26 October 2020 - Article
This is a tragic story of ‘elder abuse’. A vulnerable woman taken from her home in England to Portugal followed by a will gifting half of her estate to someone it appears she had known for less than a month.
Antonieta Dolan moved from Portugal to England in her late 20s. She made England her home, working in the City, and retiring to Canterbury.
In 2001, she made a Will leaving her residuary estate to Greenpeace. She was passionate about the environment and wanted the funds from her estate to go towards campaigning against environmental abuse. The remainder of her Will conferred life interests in Portuguese properties to close friends. Her estate in the UK totals approximately £600,000.
In 2011, when she was 65 years old, Antonieta was diagnosed with early onset dementia. She deteriorated rapidly and by late 2012 was struggling to carry out day to day tasks such as using the telephone or cash machine. She relied heavily on her neighbours who provided a great deal of support and help; one neighbour was so concerned for her well-being he wrote to her GP.
In December 2012, two women collected Antonieta from her home and took her to Portugal. One of them had been an old school friend of Antonieta’s whom she had stayed in touch with over the years, and the other, we believe, was a friend of the school friend.
About a month later Antonieta apparently made another Will in the presence of a notary in Portugal. This Will was very short and left everything to the two women that had brought her to Portugal – one of these women, we believe, she had only known for a month.
The twist in the tale, and the hero of it, is Antonieta’s former husband, Vincent.
Antonieta had contacted him out of the blue in November 2012 having not spoken to him for over a decade to ask whether he knew where her passport was.
The call so concerned Vincent he offered to visit. Realising that Antonieta’s health was suffering he helped arrange doctor appointments, spoke to social services etc.
Antonieta was due to have an appointment to prescribe her with the medication she needed, but was taken to Portugal by the two woman shortly before the appointment was scheduled.
Vincent’s concern at Antonieta’s unexpected travel to Portugal became exacerbated when he was unable to contact her. He visited her GP to raise the alarm. The GP in turn wrote to the British Consulate advising that she was not fit to look after her own affairs and needed significant adult safeguarding procedures in place.
Vincent successfully initiated proceedings in the Court of Protection, the English Court which looks after the affairs of those who do not have capacity, in order to appoint an English solicitor to look after her finances.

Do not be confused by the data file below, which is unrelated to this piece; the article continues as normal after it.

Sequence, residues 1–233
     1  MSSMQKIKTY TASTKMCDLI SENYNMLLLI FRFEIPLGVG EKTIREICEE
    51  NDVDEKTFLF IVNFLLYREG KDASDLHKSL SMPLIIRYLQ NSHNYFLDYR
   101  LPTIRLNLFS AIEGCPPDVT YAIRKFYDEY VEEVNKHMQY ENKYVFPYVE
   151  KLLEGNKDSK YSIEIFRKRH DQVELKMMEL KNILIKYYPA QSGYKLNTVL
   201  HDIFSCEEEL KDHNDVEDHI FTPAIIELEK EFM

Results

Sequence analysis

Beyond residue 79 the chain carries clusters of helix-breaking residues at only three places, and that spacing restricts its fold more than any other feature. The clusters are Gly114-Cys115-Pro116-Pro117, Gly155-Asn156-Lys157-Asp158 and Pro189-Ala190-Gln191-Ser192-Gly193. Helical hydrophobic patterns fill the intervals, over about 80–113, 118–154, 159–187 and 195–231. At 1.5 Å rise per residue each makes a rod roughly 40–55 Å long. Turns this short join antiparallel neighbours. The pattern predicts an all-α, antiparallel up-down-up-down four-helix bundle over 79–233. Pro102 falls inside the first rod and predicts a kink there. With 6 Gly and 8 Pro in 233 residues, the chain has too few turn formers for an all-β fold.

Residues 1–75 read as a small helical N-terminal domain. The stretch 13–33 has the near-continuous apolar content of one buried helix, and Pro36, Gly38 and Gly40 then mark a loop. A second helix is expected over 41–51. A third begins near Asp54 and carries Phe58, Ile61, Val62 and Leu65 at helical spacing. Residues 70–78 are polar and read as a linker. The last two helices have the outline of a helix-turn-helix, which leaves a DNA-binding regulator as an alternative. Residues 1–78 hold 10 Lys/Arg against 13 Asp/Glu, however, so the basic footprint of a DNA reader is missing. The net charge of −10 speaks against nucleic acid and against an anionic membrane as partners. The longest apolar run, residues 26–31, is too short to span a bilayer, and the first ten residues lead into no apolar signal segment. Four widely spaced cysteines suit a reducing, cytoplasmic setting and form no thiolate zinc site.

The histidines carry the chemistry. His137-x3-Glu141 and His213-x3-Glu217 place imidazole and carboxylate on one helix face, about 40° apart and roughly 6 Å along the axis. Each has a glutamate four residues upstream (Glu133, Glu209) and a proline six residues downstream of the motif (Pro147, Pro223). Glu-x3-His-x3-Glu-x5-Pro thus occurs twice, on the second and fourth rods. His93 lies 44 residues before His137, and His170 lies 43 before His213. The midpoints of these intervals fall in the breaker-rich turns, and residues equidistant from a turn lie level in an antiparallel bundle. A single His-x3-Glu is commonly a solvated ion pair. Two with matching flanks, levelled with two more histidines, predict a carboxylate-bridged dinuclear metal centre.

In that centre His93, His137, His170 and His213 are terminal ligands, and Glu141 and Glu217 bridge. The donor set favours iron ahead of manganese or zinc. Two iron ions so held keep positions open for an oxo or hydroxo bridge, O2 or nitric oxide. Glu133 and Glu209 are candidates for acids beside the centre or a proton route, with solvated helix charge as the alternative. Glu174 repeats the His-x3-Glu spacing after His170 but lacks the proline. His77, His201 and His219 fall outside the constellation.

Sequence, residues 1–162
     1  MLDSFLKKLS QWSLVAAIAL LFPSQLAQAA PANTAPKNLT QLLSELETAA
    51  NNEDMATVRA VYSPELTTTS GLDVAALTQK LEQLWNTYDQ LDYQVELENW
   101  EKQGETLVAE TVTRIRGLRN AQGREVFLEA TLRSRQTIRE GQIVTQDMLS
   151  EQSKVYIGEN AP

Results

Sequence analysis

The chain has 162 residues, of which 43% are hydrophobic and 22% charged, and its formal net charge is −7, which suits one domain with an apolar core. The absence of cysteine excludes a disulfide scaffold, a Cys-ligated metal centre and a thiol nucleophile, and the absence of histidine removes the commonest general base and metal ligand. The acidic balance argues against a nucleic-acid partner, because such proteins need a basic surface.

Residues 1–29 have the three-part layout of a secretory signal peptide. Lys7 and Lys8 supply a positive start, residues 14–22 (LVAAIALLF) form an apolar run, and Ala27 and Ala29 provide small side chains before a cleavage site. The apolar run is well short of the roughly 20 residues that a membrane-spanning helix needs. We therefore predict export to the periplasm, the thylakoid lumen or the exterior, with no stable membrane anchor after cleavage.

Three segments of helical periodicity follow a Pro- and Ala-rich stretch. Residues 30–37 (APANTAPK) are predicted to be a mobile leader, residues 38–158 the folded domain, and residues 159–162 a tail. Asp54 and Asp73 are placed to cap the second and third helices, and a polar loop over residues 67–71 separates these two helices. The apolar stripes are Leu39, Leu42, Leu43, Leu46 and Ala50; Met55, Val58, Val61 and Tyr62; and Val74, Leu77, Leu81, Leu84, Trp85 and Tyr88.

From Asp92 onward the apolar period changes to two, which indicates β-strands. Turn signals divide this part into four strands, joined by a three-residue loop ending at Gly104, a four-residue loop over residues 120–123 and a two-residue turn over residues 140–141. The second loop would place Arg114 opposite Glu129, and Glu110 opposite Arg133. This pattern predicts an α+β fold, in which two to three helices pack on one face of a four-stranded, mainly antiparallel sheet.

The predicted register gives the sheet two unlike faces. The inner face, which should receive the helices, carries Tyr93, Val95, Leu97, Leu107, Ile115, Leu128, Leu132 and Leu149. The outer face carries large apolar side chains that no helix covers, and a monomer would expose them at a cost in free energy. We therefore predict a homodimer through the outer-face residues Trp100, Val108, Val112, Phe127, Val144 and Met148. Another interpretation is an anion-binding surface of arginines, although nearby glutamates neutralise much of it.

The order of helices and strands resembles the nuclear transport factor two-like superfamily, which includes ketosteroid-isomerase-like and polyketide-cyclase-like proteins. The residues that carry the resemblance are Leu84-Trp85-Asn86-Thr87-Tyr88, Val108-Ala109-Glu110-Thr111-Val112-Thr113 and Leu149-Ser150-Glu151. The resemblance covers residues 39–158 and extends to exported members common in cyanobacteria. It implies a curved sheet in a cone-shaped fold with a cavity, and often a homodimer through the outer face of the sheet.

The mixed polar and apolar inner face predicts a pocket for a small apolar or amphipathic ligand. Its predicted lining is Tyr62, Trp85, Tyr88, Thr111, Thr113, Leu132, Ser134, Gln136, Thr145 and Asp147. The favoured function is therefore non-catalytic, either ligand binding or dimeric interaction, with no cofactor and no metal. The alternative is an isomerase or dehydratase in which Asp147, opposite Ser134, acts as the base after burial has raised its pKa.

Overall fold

Vincent travelled to Portugal to try to locate her – involving the police, journalists etc. Antonieta’s story appeared in the Portuguese national news.
Eventually Vincent found Antonieta staying in a care home. The home was in a dilapidated state. Vincent knew that Antonieta had the funds to receive much better quality care and so began Court proceedings in Portugal to arrange this.
Unfortunately, Antonieta passed away before the court hearing.
Following her death, Vincent contacted Greenpeace to tell the charity about the English 2001 Will. He had found out about the Portuguese Will during the Court of Protection proceedings and shared his concern about its validity with Greenpeace.
Greenpeace began court proceedings in London to uphold the English 2001 Will (on the basis that the Portuguese document was invalid).
To do so Greenpeace had to demonstrate that, notwithstanding she was originally from Portugal, Antonieta was domiciled in England for succession purposes and that English law applied to the question of her Will.
Secondly, that Antonieta either did not have capacity to make the Portuguese Will and/or that she did not know and approve its contents. A major difficulty was that the Portuguese Will was notarised (a legal requirement in Portugal). This meant that a legal professional had deemed Antonieta fit to make the Will – setting the bar high to invalidate it.
Neighbours, Antonieta’s regular taxi driver, medical practitioners all provided critical witness evidence about Antonieta’s domicile ie Antonieta saying England was her home and about the deterioration in her mental health.
Medical and dental notes recorded concerns about Antonieta.
Police records recorded a number of instances where Antonieta had been distressed and needed help.
The well-known testamentary capacity expert, Professor Jacoby, provided an opinion on Antonieta’s ability to make a Will. He found that it was likely that she lacked capacity to do so by 2013.
The Judge found that Antonieta was domiciled in England. He considered whether her domicile had reverted to that of her native Portugal but found that ‘the mere fact that she moved (or was moved) to Portugal in late 2012… is not sufficient to establish a shift in domicile – there has to be something more.’
He went on to conclude that she did not have capacity to make the Portuguese Will.
He also concluded there were ‘numerous matters’ which made the circumstances around the making of the Portuguese will suspicious meaning that Antonieta had lacked the necessary knowledge and approval.
Therefore the 2001 Will is valid and Greenpeace benefits from Antonieta’s residuary estate.
Having secured the English estate, Greenpeace is working with lawyers in Portugal to secure the assets in Portugal.
Greenpeace is advised by Paul Hewitt and Julia Schtulman of Withers LLP, and Adam Cloherty of xxiv Old Buildings, and in Portugal by Joana Vicente of Teresa Patrício & Associados – Sociedade de Advogados.